NYSCLA Meeting Highlights:PAMA, Pandemic Response, Shortages & AI

NYSCLA Meeting Highlights:
PAMA, Pandemic Response, Shortages & AI

NYSCLA Meeting Highlights:
PAMA, Pandemic Response, Shortages & AI

Following cancellation last year due to the pandemic, the New York State Clinical Laboratory Association (NYSCLA) held this year’s annual meeting in a well-spaced conference room in Albany, October 6-7. Approximately 125 lab directors, managers, pathologists and vendors were in attendance—down from the average 200+ at pre-pandemic NYSCLA meetings. Key topics discussed included the outlook for the Medicare CLFS under PAMA, the New York clinical lab response to the pandemic, workforce shortages, and the risks and ethical challenges of using artificial intelligence in healthcare. Below are brief summaries of several speaker presentations.

Alan Mertz, Director of Government Relations at NeoGenomics (Fort Myers, FL), said the lab industry, led by the American Clinical Laboratory Assn. (ACLA), is lobbying to have Medicare CLFS rates frozen for another year in 2022. This would delay scheduled Medicare rate cuts of up
to 15% for most high-volume clinical lab tests, but would not change the second PAMA private payer data reporting period for labs of January to March 2022.

Another one-year delay would give the lab industry time to try to get legislative changes to PAMA that ensure that all lab providers (independents, hospitals and POLs) are accurately represented through statistical sampling when CMS calculates new CLFS rates for 2023-2025. Other changes sought by ACLA included limiting annual CLFS rate changes to between +5% and -5% per test, increasing the length of time between each data collection period from three years to four years, and excluding Medicaid managed care rates from future surveys.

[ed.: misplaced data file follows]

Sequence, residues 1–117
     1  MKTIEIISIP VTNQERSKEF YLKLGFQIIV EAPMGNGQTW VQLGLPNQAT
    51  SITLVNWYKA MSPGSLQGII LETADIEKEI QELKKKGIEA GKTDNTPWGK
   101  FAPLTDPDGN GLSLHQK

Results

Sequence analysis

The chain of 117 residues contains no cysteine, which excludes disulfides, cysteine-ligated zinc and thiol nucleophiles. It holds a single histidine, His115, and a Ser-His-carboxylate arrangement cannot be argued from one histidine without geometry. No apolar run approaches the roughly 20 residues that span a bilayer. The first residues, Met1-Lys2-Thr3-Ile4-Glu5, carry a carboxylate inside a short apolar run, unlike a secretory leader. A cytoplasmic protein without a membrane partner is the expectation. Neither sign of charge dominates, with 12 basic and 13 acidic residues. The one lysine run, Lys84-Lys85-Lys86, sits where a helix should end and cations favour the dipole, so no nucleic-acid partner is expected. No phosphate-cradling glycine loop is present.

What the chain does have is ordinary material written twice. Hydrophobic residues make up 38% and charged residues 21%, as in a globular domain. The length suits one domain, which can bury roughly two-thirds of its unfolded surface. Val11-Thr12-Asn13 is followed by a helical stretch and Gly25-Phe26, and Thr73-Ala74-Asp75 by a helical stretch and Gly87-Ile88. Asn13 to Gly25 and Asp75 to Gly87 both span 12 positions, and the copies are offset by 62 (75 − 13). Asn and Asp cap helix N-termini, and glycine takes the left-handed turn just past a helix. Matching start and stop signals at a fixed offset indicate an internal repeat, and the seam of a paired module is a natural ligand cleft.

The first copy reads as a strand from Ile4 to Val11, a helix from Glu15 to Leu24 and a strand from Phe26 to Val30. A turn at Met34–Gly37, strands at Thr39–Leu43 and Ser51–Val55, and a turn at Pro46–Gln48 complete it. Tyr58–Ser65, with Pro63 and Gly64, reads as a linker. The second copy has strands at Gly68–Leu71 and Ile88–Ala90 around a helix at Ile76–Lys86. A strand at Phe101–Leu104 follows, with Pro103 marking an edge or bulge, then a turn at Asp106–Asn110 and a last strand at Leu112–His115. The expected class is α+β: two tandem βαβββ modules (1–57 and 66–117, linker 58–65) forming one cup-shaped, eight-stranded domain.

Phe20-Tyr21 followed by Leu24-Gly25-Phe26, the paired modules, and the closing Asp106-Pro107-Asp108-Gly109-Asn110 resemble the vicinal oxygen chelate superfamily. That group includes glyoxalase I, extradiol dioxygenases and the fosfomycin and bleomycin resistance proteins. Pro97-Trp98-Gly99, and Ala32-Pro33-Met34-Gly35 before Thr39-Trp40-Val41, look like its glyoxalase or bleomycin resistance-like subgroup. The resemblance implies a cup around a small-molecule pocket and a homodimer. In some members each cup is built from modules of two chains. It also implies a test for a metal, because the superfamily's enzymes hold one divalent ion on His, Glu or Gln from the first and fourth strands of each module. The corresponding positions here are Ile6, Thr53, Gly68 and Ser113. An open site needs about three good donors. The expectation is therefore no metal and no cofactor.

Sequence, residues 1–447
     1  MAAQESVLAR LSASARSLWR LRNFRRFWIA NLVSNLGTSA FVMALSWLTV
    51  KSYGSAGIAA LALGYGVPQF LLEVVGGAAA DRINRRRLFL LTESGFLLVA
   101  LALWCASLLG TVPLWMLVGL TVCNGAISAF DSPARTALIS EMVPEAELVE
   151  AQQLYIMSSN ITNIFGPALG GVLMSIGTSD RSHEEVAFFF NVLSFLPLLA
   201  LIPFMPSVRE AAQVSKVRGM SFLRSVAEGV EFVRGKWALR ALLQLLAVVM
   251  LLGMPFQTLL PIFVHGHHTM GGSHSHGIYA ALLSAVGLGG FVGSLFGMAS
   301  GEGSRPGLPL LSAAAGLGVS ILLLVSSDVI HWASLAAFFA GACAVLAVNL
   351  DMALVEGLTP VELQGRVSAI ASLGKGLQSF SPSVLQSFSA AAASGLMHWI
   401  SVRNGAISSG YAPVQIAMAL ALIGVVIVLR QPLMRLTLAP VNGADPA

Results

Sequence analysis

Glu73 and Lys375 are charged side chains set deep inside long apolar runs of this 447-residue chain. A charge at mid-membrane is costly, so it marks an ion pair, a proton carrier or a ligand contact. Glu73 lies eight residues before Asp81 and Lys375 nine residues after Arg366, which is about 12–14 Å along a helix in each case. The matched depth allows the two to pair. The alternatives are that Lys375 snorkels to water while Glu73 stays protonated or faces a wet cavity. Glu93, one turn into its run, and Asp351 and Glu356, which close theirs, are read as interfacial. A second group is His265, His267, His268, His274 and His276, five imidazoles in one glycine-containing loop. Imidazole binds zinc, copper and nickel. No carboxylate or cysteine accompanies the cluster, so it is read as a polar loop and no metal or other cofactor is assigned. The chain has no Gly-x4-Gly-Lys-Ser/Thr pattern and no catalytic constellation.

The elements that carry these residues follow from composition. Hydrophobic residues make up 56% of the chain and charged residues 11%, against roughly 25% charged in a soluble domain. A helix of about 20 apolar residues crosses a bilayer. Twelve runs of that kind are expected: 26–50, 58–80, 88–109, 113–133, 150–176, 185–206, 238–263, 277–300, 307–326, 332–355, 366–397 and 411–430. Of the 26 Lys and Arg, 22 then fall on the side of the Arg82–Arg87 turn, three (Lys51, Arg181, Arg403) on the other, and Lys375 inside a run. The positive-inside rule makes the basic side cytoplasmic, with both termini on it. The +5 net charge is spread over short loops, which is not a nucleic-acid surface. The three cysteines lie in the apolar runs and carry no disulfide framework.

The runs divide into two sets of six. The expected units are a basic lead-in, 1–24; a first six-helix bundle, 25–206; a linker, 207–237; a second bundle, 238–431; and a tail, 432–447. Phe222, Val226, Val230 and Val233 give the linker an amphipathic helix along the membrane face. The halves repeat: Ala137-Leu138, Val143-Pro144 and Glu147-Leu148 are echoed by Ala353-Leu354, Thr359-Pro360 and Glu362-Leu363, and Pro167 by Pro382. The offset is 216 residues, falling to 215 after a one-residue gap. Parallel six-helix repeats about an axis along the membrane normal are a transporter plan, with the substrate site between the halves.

Mertz noted that ACLA’s PAMA lawsuit against HHS/CMS, initially filed in December 2017, has been going on for nearly four years. Most recently, a federal district court dismissed the lawsuit in March, ACLA filed a notice of appeal in May, and hearings are expected to begin later this year.

Separately, Mertz noted that the lab industry has been trying to get clarity from the Department of Justice on the scope of the Eliminating Kickbacks in Recovery Act of 2018 (EKRA) for the past two years. A provision in the EKRA outlaws most traditional volume-based commissions paid to lab sales reps. EKRA was initially intended to target abusive kickback relationships between toxicology labs and addiction treatment centers. It doesn’t look like this will be enforced against legitimate labs, but a formal DOJ opinion is needed, according to Mertz.

Finally, Mertz said that ACLA is supporting the VALID Act, which would grandfather in existing laboratory-developed tests (LDTs), but require FDA regulation of new LDTs. This would be preferable to any potential FDA regulations that might be developed under the notice- and-comment
rulemaking process. Mertz believes the VALID Act has a chance to pass into law as an attachment to either a drug or medical device user fee reauthorization bill in 2022.

Brian Jackson, MD, Medical Director of Support Services, IT, and Business Development at ARUP Laboratories (Salt Lake City, UT), discussed the potential risks and ethical issues associated with using big data and AI in healthcare. Jackson noted how machine learning programs in
the past had developed biases as a result of being trained on non-diverse datasets.